Iran Alumina Company (IAC)
An Iran-based producer of alumina, or aluminum oxide, which is used in the production of aluminum metal and also in solid fuel rocket propellant and thermal control for space launch vehicles; reportedly operates a facility that manufactures aluminum powder on behalf of the Islamic Revolutionary Guard Corps (IRGC).




IAEA Director General Grossi and AEOI Director Mohammad Eslami pose for a photo.

Iran Fails to Fully Honour Agreement on Monitoring Equipment, IAEA Says | Reuters

September 26: The International Atomic Energy Agency said in a statement on September 26 that Iran has violated an agreement with the Agency by continuing to block IAEA inspectors from accessing equipment at a centrifuge manufacturing plant in Karaj. The agreement, reached two weeks earlier, would have allowed the IAEA to service monitoring equipment and replace memory cards. According to the IAEA, Iran allowed the Agency access to all necessary sites except the Karaj plant. Iran's ambassador to the IAEA claimed that access to Karaj was not part of the agreement. In June, the Karaj plant suffered a possible sabotage event that destroyed an IAEA camera there. (Image source: Tasnim News Agency, CC 4.0)
Germany Arrests Man For Allegedly Assisting Iran′s Nuclear Program | Deutsche Welle

September 14: German authorities arrested a man on suspicion of using his company to procure items for Iran's nuclear program. The suspect, identified as Alexander J., allegedly purchased several spectrometers and sent them to an EU-sanctioned Iranian individual with known connections to Iran's nuclear enrichment activities. Spectrometers can be used to analyze radioactive material.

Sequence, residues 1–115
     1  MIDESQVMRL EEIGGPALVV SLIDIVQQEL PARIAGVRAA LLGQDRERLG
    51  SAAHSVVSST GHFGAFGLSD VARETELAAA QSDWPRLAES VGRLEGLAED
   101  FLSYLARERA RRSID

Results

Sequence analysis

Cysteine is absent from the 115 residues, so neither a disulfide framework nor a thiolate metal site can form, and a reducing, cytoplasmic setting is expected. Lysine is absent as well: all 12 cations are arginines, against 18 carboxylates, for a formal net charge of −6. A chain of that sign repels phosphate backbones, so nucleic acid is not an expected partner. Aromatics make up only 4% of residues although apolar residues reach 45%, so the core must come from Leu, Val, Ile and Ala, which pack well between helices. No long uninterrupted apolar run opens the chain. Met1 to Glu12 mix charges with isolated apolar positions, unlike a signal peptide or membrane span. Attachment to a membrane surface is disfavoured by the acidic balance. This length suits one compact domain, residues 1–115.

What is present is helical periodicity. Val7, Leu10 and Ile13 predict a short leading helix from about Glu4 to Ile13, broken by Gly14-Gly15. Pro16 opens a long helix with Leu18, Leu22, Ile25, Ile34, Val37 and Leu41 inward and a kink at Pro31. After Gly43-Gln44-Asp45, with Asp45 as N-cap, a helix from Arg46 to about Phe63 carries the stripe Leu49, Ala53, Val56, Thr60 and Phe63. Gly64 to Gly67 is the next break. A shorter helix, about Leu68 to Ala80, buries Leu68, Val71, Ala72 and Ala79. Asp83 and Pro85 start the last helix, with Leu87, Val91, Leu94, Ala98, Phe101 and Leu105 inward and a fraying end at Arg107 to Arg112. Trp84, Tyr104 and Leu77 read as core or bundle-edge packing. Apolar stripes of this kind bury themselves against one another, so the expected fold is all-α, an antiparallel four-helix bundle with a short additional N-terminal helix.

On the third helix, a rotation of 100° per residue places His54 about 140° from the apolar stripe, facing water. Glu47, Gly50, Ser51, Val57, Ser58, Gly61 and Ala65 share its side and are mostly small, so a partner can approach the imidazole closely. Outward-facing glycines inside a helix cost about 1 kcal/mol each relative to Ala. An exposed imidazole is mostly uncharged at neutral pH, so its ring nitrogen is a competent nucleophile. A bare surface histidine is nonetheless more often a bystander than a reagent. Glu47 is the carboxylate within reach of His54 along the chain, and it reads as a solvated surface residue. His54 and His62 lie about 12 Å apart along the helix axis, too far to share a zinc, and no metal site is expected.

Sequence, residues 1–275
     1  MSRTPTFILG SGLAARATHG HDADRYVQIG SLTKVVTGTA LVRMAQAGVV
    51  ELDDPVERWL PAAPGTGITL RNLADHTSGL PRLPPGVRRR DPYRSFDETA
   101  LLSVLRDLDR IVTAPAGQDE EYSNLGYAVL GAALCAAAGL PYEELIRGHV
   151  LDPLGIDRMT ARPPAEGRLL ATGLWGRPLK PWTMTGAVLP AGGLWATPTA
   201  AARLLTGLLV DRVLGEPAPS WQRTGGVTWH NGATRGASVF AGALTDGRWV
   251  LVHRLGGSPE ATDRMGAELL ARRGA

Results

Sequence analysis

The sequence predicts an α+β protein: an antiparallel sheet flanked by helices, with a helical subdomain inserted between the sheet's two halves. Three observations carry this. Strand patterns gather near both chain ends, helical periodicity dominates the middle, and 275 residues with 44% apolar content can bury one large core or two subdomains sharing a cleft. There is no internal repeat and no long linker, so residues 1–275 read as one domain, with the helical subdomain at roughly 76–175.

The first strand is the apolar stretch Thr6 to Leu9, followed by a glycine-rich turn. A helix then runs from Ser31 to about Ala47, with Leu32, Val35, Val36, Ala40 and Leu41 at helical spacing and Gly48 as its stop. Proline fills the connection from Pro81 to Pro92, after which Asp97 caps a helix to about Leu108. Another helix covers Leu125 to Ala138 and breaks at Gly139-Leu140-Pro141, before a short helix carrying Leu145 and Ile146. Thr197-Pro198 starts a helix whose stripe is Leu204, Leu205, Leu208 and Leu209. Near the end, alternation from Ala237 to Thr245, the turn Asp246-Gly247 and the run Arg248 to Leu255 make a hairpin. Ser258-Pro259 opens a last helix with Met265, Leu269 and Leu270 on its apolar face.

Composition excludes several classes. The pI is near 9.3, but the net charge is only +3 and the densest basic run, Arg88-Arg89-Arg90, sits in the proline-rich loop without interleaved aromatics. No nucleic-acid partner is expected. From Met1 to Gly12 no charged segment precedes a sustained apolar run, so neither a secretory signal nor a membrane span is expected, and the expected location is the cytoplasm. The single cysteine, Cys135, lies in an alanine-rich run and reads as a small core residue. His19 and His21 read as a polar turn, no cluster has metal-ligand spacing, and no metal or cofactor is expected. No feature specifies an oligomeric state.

IAEA Says Iran Increasing Stockpile of Highly Enriched Uranium | Associated Press

September 7: The International Atomic Energy Agency (IAEA) reported on September 7 that, since May, Iran has increased its stockpile of 60% high-enriched uranium (HEU) from 2.4 kilograms to 10 kilograms and its stockpile of 20% HEU from 62.8 kilograms to 84.3 kilograms. The Agency also said that Iran continues to block IAEA inspectors from accessing and servicing monitoring equipment at Iranian nuclear sites, and that some of the monitoring equipment has been destroyed or damaged. As a result, the Agency's ability to monitor Iran's activities is declining. Finally, the Agency reported that outstanding issues related to nuclear material stored at four undeclared sites remain unresolved two years after they were raised by the IAEA. 



In early September, the IAEA Board of Governors released the Agency's verification and monitoring report on Iran’s nuclear program. During the reporting period, Iran repeatedly blocked the IAEA from accessing its monitoring equipment, “seriously compromising” the agency’s oversight mission. Days later, Iran agreed to let inspectors service existing monitoring cameras and install new memory cards. Iran continues to prevent the IAEA from accessing those cameras' footage, however, and the Agency reportedly has accused Iran of violating the September 12 servicing agreement by blocking its access to a centrifuge assembly plant in Karaj.

The 76th United Nations General Assembly took place in New York this month. U.S. President Joe Biden and Iranian President Ebrahim Raisi both addressed nuclear negotiations in their speeches to the world body.

  • Biden reiterated the U.S. commitment to preventing Iran from obtaining a nuclear weapon and said that the United States is prepared to return to compliance with the JCPOA if Iran does the same.
  • Raisi claimed that fifteen IAEA reports certified Iran’s adherence to its JCPOA commitments and said that the United States is obligated to lift sanctions. 

The United States continued to sanction and prosecute Iranian entities and agents in September, including conspirators in overseas procurement networks, financial facilitators for the IRGC, and intelligence officials involved in a plot to kidnap a U.S. citizen.